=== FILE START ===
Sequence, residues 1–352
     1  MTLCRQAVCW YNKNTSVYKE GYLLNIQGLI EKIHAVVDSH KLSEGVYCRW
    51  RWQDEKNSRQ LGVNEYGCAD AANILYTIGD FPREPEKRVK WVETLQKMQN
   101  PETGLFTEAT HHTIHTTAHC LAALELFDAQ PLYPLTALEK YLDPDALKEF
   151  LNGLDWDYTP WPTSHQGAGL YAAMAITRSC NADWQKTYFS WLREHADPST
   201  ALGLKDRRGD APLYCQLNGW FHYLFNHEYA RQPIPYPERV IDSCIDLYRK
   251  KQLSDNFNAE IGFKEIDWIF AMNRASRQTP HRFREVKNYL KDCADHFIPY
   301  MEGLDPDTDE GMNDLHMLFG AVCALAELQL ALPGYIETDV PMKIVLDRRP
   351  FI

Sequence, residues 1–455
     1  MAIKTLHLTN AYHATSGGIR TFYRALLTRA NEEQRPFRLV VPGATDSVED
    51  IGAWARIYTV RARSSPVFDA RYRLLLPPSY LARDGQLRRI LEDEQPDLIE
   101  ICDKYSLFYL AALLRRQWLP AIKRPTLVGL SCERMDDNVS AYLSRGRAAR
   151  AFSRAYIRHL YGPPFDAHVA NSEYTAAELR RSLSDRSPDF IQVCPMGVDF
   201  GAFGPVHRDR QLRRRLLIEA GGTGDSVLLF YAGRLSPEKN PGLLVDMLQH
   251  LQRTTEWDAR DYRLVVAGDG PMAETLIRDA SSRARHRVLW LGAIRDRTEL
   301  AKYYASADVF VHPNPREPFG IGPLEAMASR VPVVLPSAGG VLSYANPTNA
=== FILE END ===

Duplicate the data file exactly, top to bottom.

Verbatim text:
Sequence, residues 1–352
     1  MTLCRQAVCW YNKNTSVYKE GYLLNIQGLI EKIHAVVDSH KLSEGVYCRW
    51  RWQDEKNSRQ LGVNEYGCAD AANILYTIGD FPREPEKRVK WVETLQKMQN
   101  PETGLFTEAT HHTIHTTAHC LAALELFDAQ PLYPLTALEK YLDPDALKEF
   151  LNGLDWDYTP WPTSHQGAGL YAAMAITRSC NADWQKTYFS WLREHADPST
   201  ALGLKDRRGD APLYCQLNGW FHYLFNHEYA RQPIPYPERV IDSCIDLYRK
   251  KQLSDNFNAE IGFKEIDWIF AMNRASRQTP HRFREVKNYL KDCADHFIPY
   301  MEGLDPDTDE GMNDLHMLFG AVCALAELQL ALPGYIETDV PMKIVLDRRP
   351  FI

Sequence, residues 1–455
     1  MAIKTLHLTN AYHATSGGIR TFYRALLTRA NEEQRPFRLV VPGATDSVED
    51  IGAWARIYTV RARSSPVFDA RYRLLLPPSY LARDGQLRRI LEDEQPDLIE
   101  ICDKYSLFYL AALLRRQWLP AIKRPTLVGL SCERMDDNVS AYLSRGRAAR
   151  AFSRAYIRHL YGPPFDAHVA NSEYTAAELR RSLSDRSPDF IQVCPMGVDF
   201  GAFGPVHRDR QLRRRLLIEA GGTGDSVLLF YAGRLSPEKN PGLLVDMLQH
   251  LQRTTEWDAR DYRLVVAGDG PMAETLIRDA SSRARHRVLW LGAIRDRTEL
   301  AKYYASADVF VHPNPREPFG IGPLEAMASR VPVVLPSAGG VLSYANPTNA